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Growth / Development capital

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Finance to help an organisation or project grow – a type of social investment

What does it mean?

This is capital that will be invested in a start-up or for the significant growth of a civil society organisation for the development of its products, services or projects which may generate surplus income.

Who might use it?

Organisations that have plans to grow will be able to use this capital as the majority of charities and social enterprises use their income and expenditure directly on day-to-day activities, leaving little surplus in reserves. This leads to an inability to invest in innovation and development, which are important for the long-term robustness and growth of the organisation.

Growth and development may be achieved through investment in “assets” as these have the potential to generate additional income. It may also take the form of an upfront investment to seize a market opportunity. Financial instruments such as equity, quasi-equity and patient capital can support and supplement grant funding for such capacity building.

‘Hard’ development capital refers to investment in property or other tangible assets. ‘Soft’ development capital describes investment in products or services, e.g. additional staff for fundraising support.

Who provides it?

  • Acumen Fund makes debt or equity investments in early-stage enterprises providing deprived consumers with access to healthcare, water, housing, energy, or agricultural inputs from $300,000 to $2.5m.
  • Big Issue Invest can provide growth loans between £50,000 and £1,000,000 and is able to partner with other organisations for investment above this limit.
  • CAF Venturesome offers growth capital between £25,000 and £250,000 specifically designed to meet the needs of small and medium sized charitable organisations.
  • Charity Bank can provide charity loan funding for property purchase, refurbishments or development, capital investments and asset purchases from £50,000 up to £2 million.
  • Co-operative & Community Finance can lend from £10,000 to £75,000 and is able to lend up to £150,000 to organisations that are owned and democratically controlled by their members.
  • Esmée Fairbairn Foundation provides loans to charities and other not-for-profit organisations with whom the Foundation has an existing relationship, usually current or recent grant-holders.
  • Impetus Fund provides unrestricted funding between £200,000 and £500,000 over a longer term (4-6 years on average), combined with hands-on management support and specialised expertise.
  • Key Fund is a social enterprise providing loan tailored investments, and understands the unique difficulties faced by similar organisations when looking to develop and grow. Key Fund is currently offering loan finance from £5000 up to £150,000 throughout the North of England and Midlands.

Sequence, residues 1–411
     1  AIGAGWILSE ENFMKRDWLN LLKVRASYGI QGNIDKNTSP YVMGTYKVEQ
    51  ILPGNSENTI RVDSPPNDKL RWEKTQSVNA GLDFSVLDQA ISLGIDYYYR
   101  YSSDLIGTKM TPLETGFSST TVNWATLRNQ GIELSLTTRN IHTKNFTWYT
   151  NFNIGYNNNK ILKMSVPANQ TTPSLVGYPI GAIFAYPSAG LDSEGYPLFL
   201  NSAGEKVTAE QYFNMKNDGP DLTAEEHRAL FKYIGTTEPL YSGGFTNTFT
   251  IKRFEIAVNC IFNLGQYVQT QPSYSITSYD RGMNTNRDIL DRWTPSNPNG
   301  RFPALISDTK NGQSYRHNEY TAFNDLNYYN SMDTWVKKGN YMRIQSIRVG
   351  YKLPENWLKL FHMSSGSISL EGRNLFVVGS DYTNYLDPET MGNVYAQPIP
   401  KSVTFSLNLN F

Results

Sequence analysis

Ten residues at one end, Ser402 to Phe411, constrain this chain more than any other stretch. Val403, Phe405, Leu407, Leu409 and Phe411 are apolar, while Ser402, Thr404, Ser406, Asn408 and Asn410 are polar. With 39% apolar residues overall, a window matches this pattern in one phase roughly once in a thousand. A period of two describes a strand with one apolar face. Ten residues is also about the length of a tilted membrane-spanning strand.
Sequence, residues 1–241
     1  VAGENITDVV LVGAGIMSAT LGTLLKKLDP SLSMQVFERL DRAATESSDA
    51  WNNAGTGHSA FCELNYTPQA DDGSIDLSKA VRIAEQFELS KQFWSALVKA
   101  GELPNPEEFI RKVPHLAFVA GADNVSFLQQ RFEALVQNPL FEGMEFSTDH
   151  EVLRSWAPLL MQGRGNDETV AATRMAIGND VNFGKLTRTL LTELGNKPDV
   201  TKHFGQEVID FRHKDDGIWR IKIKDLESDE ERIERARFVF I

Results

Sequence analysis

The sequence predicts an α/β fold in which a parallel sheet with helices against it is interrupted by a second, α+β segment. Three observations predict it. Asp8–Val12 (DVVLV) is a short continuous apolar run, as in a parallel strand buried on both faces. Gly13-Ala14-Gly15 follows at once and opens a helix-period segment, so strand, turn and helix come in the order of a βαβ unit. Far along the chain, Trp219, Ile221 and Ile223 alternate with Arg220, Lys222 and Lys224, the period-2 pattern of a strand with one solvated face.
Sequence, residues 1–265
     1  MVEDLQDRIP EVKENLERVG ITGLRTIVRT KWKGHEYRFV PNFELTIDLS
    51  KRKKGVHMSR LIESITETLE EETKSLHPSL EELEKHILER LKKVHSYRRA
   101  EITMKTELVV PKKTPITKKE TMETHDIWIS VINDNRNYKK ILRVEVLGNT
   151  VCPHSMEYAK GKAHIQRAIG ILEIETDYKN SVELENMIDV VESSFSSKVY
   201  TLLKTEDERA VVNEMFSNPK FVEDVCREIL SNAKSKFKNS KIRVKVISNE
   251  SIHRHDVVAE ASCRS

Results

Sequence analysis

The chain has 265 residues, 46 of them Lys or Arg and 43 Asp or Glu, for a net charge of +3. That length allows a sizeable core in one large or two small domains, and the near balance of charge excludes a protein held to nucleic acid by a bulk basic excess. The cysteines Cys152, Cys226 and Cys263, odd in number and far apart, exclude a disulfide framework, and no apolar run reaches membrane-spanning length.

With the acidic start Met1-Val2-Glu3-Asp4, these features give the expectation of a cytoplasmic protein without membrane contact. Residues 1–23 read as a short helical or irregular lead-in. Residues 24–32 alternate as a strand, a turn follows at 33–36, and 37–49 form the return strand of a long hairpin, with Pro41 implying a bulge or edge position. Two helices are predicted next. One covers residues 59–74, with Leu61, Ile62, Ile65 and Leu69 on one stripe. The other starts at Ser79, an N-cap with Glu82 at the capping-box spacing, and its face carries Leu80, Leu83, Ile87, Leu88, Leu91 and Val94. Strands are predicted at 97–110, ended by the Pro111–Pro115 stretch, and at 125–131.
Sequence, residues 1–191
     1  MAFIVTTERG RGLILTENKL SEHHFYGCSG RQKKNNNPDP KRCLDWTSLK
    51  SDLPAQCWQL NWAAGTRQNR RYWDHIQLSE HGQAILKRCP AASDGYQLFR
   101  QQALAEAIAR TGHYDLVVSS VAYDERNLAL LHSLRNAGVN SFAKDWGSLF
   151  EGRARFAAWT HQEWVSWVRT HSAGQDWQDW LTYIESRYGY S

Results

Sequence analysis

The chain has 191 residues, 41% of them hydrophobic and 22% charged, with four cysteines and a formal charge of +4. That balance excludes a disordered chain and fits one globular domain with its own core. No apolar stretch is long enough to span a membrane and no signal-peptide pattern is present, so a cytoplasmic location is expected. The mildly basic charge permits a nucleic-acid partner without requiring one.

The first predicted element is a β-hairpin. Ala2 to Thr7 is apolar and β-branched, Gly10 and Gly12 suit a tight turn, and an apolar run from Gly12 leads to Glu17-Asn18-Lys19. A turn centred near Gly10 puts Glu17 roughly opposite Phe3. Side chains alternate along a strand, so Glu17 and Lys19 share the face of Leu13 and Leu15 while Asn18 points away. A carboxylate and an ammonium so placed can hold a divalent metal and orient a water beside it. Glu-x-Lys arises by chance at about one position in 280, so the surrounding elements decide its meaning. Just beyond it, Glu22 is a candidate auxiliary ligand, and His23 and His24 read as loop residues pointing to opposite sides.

• PURE Community Energy Fund provides low-interest loans to cover 50% of the cost of renewable energy installations for small scale renewable energy projects, up to a maximum of £50,000.
  • Social Business Trust helps established social enterprises scale-up their operations regionally and nationally through loans and support.
  • The Social Enterprise Loan Fund provides loans to charities and social enterprises that are unable to secure sufficient funding from mainstream sources.
  • Social Investment Business can provide both ‘hard’ and ‘soft’ development capital from £50,000 to the maximum of £1 million.
  • Social Investment Scotland loan finance is available for social enterprises in Scotland, with loans from £10,000 to £250,000 or more if appropriate.
  • Unity Trust Bank offers mortgages to help charity and voluntary organisations purchase new or additional premises for between £250,000 to £6m.

Case study - Fareshare

FareShare is a national charity that redistributes quality surplus food from the food and drink industry to organisations working with vulnerable people in the community. This improves the environmental impact of the food industry by helping decrease waste going to landfill. It typically reduces a food company’s landfill waste from 100% to less than 5%. Using this food, FareShare seeks to help those suffering ‘food poverty’ – people with low or no income with poor access to affordable nutritious food, and who lack the knowledge, skills or equipment to ensure food is safe and prepared properly.

CAF Venturesome provided a loan of £50,000 in 2008 to underpin the charity’s cashflow. The loan  is now fully repaid. In 2010, FareShare decided to expand its food handling capacity so it could provide millions of extra meals each year and generate more income. The organisation wanted to invest in existing infrastructure to maximise the amount of food collected and distributed, trial new methods of redistribution to increase the volume managed and expand the number of its depots to provide a service in every region of England.

CAF Venturesome was able to offer a loan facility of £200,000. This, along with FareShare’s own fundraising, enabled Fairshare to proceed with its business expansion plan.

Page last edited Nov 04, 2015

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